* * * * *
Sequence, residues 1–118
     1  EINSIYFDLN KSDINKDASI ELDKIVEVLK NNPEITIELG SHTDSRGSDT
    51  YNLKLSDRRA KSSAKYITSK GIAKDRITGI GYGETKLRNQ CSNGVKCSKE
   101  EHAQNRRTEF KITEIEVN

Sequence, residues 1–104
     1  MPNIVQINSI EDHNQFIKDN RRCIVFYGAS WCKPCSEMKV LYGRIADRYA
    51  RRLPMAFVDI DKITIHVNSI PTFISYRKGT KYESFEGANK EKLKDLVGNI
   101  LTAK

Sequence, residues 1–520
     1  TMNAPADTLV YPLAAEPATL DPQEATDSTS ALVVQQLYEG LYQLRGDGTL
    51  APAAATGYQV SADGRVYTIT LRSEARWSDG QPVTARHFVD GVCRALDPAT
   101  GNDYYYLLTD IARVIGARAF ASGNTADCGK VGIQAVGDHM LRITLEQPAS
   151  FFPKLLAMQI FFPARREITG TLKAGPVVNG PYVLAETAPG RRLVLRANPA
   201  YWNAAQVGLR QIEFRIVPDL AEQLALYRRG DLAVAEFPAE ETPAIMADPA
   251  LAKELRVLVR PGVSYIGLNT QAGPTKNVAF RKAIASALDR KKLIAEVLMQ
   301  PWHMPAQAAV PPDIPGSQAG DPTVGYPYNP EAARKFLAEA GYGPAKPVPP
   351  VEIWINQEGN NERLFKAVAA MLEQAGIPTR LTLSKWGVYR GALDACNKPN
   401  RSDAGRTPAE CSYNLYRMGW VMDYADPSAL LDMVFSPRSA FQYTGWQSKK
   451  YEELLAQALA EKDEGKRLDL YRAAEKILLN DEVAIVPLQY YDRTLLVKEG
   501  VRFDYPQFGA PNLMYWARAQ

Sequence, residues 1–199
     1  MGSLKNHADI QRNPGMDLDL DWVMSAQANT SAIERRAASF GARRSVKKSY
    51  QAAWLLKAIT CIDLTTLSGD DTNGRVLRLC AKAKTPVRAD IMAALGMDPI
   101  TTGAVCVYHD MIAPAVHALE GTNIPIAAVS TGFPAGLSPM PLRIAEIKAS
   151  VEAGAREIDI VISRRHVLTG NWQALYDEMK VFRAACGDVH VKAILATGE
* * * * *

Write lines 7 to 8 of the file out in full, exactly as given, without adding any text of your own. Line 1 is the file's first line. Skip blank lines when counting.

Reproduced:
    51  RRLPMAFVDI DKITIHVNSI PTFISYRKGT KYESFEGANK EKLKDLVGNI
   101  LTAK